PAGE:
Classical Proportions Make Attractive Trim
Greek and Roman orders of architecture can help establish molding size and placement.
Once upon a time, some wily Greeks worked out rules for proportioning moldings in almost all rooms. They called these rules orders of architecture. Because the major construction method back then was post and beam, the rules are based on posts (columns) and beams (entablatures). The Greeks established three orders of architecture, which increase in complexity: Doric, Ionic, and Corinthian. The Romans conquered the Greeks, stole their ideas, and added two orders: Tuscan and composite. Greek and Roman architecture is called classical architecture.
So what do a bunch of dead guys have to do with my baseboard?
You don’t need to have columns in your house to use the rules of thumb that the orders of architecture define. They’re useful in many ways: They can tell you where to put moldings on a wall, how big those moldings should be, and how to combine layers of smaller moldings to make bigger moldings with visually pleasing results.
Because the five orders differ in complexity, each is suited to a different type of building. A simple farmhouse should receive a low level of detail, a row house in the city might get midlevel, and an elaborate mansion would command a high level.
But the orders also differ in size: the height-to-width ratio of the column. Simple orders are wider than complex orders. They mimic the masculine form. Complex orders are more slender to mimic the feminine form. This divergent massing also suits them to different building styles.
In the old days, a military building would be built to Doric (masculine) proportions, and a theater would be built to Corinthian (feminine) proportions. Nowadays, the orders also may translate to different architectural styles, such as Craftsman (masculine) and Victorian (feminine). So consider the type and the style of your house when considering which order to base your moldings on.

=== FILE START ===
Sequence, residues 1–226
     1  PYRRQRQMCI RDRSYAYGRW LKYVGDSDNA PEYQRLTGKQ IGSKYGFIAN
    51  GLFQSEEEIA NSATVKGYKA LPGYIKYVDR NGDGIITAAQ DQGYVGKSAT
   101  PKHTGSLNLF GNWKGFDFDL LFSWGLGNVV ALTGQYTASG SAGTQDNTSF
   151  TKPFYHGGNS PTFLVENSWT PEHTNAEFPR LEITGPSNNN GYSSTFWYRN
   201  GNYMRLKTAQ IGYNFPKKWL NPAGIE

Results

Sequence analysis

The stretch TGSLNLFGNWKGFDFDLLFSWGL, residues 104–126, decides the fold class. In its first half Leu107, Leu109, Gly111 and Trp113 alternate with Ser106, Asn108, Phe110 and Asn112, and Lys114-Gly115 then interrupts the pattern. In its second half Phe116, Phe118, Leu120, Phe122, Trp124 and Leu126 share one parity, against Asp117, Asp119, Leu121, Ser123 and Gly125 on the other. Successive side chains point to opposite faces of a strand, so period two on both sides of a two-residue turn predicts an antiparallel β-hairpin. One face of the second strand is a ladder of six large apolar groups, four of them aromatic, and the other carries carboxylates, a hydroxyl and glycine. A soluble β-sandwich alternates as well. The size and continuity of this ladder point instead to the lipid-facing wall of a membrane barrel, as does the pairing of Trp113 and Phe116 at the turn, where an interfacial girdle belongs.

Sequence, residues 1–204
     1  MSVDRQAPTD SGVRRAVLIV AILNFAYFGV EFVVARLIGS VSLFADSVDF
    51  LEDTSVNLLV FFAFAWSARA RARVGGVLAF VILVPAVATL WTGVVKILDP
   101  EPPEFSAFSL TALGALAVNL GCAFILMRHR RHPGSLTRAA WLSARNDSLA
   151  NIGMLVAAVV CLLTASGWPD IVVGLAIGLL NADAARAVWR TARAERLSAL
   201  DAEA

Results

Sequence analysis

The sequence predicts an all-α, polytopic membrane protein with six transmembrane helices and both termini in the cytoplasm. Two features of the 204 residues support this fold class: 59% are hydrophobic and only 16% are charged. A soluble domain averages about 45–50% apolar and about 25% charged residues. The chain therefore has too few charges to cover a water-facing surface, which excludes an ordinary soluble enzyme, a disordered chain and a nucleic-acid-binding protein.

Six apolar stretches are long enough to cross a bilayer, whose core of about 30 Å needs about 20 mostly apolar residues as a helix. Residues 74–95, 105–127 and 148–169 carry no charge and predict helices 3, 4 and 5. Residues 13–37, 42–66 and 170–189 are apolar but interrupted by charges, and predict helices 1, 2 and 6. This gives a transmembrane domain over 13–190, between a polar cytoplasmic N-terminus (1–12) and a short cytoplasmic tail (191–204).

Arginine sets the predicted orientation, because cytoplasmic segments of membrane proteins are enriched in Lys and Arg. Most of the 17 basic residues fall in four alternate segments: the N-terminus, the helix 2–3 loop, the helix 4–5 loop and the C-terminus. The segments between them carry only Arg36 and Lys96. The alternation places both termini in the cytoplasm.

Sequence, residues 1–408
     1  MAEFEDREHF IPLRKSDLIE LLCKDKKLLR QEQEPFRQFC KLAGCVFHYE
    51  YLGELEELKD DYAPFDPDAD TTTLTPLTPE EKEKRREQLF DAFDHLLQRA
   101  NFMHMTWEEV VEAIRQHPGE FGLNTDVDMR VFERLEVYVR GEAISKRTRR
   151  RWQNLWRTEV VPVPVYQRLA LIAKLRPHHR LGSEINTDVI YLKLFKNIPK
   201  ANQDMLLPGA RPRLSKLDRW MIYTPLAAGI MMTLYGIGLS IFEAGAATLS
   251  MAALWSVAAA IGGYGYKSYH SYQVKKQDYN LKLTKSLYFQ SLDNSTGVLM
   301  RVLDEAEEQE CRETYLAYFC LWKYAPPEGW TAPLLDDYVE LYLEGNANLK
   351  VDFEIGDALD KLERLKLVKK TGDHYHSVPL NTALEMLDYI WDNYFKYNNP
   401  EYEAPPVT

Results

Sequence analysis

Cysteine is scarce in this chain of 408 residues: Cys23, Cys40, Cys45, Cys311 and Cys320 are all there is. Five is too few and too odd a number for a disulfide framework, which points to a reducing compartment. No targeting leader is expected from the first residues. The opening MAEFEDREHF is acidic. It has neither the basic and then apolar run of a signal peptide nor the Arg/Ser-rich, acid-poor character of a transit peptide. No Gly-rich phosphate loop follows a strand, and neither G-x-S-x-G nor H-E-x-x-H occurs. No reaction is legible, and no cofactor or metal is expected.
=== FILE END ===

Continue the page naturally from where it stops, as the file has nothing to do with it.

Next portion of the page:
I’ve picked an order. How do I use it?
Let’s keep it simple and use the Doric order as an example. Any order has three elements: the pedestal, the column, and the entablature (see Ancient rules work for modern buildings). Collectively, these three elements can represent a wall. Architectural pattern books such as William R. Ware’s The American Vignola (Dover, available for about $10) give the proportions of these elements for each particular order. For the Doric order, the pedestal is 23?4 parts tall, the column is 8 parts tall, and the entablature is 2 parts tall. Collectively, this order is 123?4 parts tall, so for a 10-ft. wall, one part is about 97?16 in. (or 10 ft. divided by 123?4 parts).
Because the order can represent a full wall, we now know where to place moldings and how big they should be. Each of the three elements is made up of three components, and each component has two or three building blocks. This hierarchy can help you to combine smaller moldings to create pleasing built-up moldings (see Combine stock moldings to create a classic look).
Although classical rules look pretty rigid, they aren’t written in stone, so to speak. You don’t have to copy the details exactly. You can cheat things up or down to accommodate stock molding sizes or your individual taste.
Ancient rules work for modern buildings
An architectural order, such as the Doric shown here, has three elements: the pedestal, the column, and the entablature. These elements can help you to choose and place modern moldings.
Combine stock moldings to create a classic look
These examples are based on the Doric order in a room with 10-ft. walls. While the proportions remain the same, molding sizes vary with ceiling height.
A built-up cornice mimics a classical cornice
A box made with 1x stock provides continuous nailing for small crown and bed moldings. The crown, box, and bed molding should be roughly the same size. This cornice is less expensive, easier to install, and more historically accurate than a large one-piece crown.
The molding separating the frieze from the architrave is called the taenia. This illustrates where to put the picture molding.
The chair rail can be built up or be one piece as is commonly available at lumberyards.
The base of the pedestal directly represents the baseboard on the wall. It gives the impression of supporting the wall, so it should be substantial. A 1×6 and standard cove molding look great for a 10-ft. wall. To improve the appearance of substance further, use 5/4 stock.
Window and door casing
The architrave should guide you to choosing the proper casing width. Head casings can extend up to the architrave for a more elegant look.
From Fine Homebuilding #161
Brent Hull, author of Historic Millwork (John Wiley & Sons, 2003), is the owner of Hull Historical Millwork in Fort Worth, Texas.
Illustrations: Tinsley Pfrimmer